US, EU ready to get tough on Iran
The European Union and the United States will impose further sanctions on Iran if it fails to suspend sensitive nuclear activities. The crackdown would include denying Iranian banks access to the world's financial system.
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The European Union and the United States will warn Iran on Tuesday they are ready to go beyond agreed U.N. sanctions if it shuns demands to suspend sensitive nuclear work, according to a draft summit communique.
The draft, obtained by Reuters ahead of an EU-U.S. summit in Slovenia on Tuesday, raises the possibility of a crackdown on Iranian banks, the area where Washington has long urged the EU's 27 states to apply more pressure on Tehran.
"We are ready to supplement those (U.N. Security Council) sanctions with additional measures," said the final draft of the communique, to be issued at President George W. Bush's last U.S.-EU summit.
"We will continue to work together ... to take steps to ensure Iranian banks cannot abuse the international banking system to support proliferation and terrorism," the draft added.
The U.S. envoy to the EU said Washington was keen for the EU to act as quickly as possible.
"We want to make sure they are going as fast as they can," C. Boyden Gray told reporters in Slovenia ahead of the summit.
Western countries suspect Iran is seeking the ability to make nuclear weapons. Tehran insists its secretive programme is purely aimed at generating energy.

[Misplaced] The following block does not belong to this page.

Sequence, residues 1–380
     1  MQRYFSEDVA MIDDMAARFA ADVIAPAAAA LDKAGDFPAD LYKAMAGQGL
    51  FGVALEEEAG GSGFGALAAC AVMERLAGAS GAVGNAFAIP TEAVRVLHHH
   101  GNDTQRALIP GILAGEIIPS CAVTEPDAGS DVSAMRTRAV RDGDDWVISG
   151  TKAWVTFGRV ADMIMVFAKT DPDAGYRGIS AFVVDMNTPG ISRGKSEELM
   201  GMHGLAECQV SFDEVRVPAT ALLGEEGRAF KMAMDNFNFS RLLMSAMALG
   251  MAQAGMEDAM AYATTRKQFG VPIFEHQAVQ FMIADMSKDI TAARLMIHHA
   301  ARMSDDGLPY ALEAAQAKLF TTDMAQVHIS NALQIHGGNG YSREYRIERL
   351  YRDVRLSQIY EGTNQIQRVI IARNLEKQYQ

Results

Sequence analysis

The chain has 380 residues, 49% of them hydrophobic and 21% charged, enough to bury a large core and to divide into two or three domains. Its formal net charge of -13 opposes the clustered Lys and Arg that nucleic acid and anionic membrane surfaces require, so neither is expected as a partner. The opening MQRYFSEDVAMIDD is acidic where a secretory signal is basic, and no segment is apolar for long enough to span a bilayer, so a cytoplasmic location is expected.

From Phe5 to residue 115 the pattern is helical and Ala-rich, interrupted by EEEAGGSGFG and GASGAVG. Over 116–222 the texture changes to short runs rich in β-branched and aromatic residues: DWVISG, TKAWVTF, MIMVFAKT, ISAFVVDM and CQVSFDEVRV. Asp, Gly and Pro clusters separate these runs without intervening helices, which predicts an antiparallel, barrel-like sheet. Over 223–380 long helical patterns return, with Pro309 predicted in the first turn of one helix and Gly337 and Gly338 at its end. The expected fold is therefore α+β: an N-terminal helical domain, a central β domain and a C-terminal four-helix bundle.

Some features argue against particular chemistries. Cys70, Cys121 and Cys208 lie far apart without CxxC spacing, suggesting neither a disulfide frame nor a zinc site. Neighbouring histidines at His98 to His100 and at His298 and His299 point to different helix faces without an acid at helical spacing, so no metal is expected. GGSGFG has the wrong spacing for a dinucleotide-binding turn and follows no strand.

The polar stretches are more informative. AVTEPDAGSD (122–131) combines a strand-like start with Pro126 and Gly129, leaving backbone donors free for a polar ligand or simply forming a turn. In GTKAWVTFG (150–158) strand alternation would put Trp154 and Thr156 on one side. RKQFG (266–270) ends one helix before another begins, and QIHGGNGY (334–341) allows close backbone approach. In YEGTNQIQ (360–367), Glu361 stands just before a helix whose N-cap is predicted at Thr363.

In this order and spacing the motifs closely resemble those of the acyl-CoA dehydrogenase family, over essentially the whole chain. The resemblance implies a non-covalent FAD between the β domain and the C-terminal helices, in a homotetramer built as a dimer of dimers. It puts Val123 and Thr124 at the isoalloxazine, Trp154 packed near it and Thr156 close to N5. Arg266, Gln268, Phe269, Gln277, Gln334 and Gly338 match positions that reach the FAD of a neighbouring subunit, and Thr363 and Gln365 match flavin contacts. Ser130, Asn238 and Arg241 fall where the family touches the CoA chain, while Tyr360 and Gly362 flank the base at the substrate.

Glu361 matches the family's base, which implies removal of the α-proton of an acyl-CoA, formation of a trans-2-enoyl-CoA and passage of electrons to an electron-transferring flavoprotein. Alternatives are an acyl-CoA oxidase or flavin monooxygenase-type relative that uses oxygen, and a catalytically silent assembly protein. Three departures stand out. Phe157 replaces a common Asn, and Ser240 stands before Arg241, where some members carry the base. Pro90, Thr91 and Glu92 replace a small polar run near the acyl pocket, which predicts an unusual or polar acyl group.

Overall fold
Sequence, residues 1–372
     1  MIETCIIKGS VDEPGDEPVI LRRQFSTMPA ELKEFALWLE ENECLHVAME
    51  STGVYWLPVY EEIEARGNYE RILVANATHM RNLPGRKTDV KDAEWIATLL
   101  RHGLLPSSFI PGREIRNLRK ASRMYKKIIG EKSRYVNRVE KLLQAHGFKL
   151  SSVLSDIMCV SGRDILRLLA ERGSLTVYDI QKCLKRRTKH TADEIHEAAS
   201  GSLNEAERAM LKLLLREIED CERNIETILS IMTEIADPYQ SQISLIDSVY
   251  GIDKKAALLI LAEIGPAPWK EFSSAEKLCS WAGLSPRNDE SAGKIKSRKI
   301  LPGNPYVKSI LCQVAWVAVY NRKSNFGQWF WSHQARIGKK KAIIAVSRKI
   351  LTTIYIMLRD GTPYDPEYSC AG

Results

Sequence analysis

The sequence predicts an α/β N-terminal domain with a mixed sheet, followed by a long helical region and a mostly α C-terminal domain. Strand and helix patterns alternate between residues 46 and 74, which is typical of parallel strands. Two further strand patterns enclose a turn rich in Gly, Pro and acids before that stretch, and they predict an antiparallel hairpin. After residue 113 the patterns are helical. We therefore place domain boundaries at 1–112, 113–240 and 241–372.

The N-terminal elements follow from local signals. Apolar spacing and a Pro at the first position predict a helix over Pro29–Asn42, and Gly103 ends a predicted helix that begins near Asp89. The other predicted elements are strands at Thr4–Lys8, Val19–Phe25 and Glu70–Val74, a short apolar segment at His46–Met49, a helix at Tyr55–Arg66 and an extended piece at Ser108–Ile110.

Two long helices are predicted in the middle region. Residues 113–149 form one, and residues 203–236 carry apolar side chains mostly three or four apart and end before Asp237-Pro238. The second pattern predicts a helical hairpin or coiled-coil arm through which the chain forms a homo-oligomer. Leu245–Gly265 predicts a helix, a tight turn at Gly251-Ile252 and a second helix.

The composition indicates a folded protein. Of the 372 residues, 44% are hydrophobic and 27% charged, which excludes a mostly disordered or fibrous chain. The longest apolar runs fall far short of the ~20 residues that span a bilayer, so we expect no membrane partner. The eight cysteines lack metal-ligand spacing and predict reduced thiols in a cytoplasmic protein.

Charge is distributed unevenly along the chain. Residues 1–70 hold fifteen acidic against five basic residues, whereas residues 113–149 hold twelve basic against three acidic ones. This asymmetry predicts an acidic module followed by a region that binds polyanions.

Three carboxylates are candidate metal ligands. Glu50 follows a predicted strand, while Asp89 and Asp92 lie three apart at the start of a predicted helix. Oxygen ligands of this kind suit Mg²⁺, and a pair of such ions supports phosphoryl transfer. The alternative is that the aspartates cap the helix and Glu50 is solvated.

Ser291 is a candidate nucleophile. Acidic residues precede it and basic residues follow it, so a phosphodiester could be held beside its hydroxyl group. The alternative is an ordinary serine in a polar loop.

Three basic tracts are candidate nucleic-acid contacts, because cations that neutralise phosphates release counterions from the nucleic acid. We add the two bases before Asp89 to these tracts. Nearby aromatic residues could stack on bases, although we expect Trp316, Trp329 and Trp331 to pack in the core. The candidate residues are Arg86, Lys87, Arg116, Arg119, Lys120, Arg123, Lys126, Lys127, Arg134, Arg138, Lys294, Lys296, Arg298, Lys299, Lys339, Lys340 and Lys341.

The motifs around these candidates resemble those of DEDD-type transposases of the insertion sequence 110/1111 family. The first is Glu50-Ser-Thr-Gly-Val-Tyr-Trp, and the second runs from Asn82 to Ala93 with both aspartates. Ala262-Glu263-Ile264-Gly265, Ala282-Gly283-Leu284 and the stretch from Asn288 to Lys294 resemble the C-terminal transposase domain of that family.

The U.N. Security Council passed a third sanctions resolution against Iran in April and Washington has pressed the EU to deny targeted Iranian banks access to the international financial system.
EU diplomats had said in recent weeks the bloc was ready to go beyond the sanctions, pointing to rigorous applications in the past of travel bans and asset freezes on Iranian officials as proof that the bloc can take a tough line.
They say the EU is preparing an asset and funds freeze on Iran's biggest bank, state-owned Bank Melli, but that it first wants to see how Tehran responds to a new offer of incentives by major powers for it to suspend uranium enrichment.
EU foreign policy chief Javier Solana is due to take that offer to Tehran before the end of the month as part of carrot-and-stick diplomacy known as the "dual-track" strategy.
"We affirm the dual track strategy on this issue which was reinforced by the incentives package and reiterate our belief that a mutually satisfactory, negotiated solution remains open to Iran," the summit draft said.
U.S. Secretary of State Condoleezza Rice said last month the United States would "aggressively" impose more sanctions on Iran as long as it refused to give up nuclear work.
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